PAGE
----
NEW YORK — The price of oil fell to its lowest closing price in almost six and a half years Wednesday on new data showing that U.S. crude inventories rose at a time of year when they are typically in decline.
Shares of the world's biggest oil companies were battered after the report, with Exxon Mobil, BP, Marathon Oil, Chevron and ConocoPhillips all sliding to multiyear lows.
Oil supplies typically decline in the spring and summer because refiners make more gasoline to meet driving demand in the summer. That's what analysts expected to see in the latest weekly report from the Energy Information Administration. But instead the agency said commercial inventories increased by 2.6 million barrels last week. That was a jolt to analysts and investors who have seen the price of oil plunge because there's too much supply on the market and not enough demand.
Energy companies invested heavily in drilling over the past few years, when the price of oil was generally over $100 a barrel. A combination of increasing supplies and slow growth in the world economy, including weaker growth in China and a shrinking economy in Japan, cut into demand and made for a big drop in prices in the second half of 2014. That trend resumed this summer, and energy companies have slashed jobs and curtailed drilling activity in response.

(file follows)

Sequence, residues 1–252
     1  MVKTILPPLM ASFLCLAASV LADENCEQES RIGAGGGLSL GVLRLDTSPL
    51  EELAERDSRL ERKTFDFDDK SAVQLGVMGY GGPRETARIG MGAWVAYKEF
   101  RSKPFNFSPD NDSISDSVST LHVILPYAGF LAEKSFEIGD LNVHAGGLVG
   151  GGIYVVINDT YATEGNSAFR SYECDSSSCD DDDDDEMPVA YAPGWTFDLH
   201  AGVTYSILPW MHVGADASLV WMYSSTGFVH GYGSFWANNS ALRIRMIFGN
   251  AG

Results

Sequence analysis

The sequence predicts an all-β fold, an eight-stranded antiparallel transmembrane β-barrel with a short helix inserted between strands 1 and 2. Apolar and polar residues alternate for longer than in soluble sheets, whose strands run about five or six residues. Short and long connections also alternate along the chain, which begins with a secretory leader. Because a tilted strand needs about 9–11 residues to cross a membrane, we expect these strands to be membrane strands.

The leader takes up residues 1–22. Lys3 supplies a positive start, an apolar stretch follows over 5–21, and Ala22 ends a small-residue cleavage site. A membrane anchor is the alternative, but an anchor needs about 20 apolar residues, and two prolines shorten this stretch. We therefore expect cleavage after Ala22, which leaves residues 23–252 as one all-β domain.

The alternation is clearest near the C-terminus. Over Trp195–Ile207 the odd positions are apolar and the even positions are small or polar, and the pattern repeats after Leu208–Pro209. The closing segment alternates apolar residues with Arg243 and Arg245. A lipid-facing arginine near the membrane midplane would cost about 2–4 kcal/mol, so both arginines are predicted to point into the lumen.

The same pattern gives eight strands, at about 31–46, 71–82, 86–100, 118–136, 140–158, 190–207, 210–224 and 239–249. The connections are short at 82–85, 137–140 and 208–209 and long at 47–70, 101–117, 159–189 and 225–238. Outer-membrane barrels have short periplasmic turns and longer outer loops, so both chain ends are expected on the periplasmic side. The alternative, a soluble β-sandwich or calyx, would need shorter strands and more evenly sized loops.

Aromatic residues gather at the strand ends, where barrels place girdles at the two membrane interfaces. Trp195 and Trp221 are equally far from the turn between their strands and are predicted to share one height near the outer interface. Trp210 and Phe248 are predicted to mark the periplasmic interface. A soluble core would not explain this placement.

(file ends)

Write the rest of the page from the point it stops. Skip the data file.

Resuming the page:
On Wednesday, crude prices fell 4.3 percent to $40.80 a barrel in New York, their lowest close since March 2, 2009. They have fallen by more than half over the last year.
Marathon Oil Corp. was the biggest loser on the S&P 500 index, suffering a 7.2-percent drop. The shares recovered from a session low that took them to their lowest prices in six years.
Chevron Corp. shares lost 3 percent and ConocoPhillips fell 3.7 percent, while Exxon Mobil Corp. declined 2.1 percent. All reached three- or four-year lows.
The Energy Information Administration said there were 456 million barrels in commercial inventories as of Friday. That total has fallen over the last few months, as it normally does. Still, inventories usually aren't this high in the summer. The EIA says commercial crude inventories are at their highest seasonal levels in at least 80 years.
Analyst Thomas Pugh of Capital Economics said the main reason for the increase in inventories was refinery outages for maintenance and other issues. He said oil production continues to drop and gasoline stocks fell more than expected, which shows demand is high.
"The bigger picture is one of strong demand for gasoline and falling oil output, which should give some support toprices over the rest of the year," said Pugh. He expects oil to finish the year at $50 per barrel.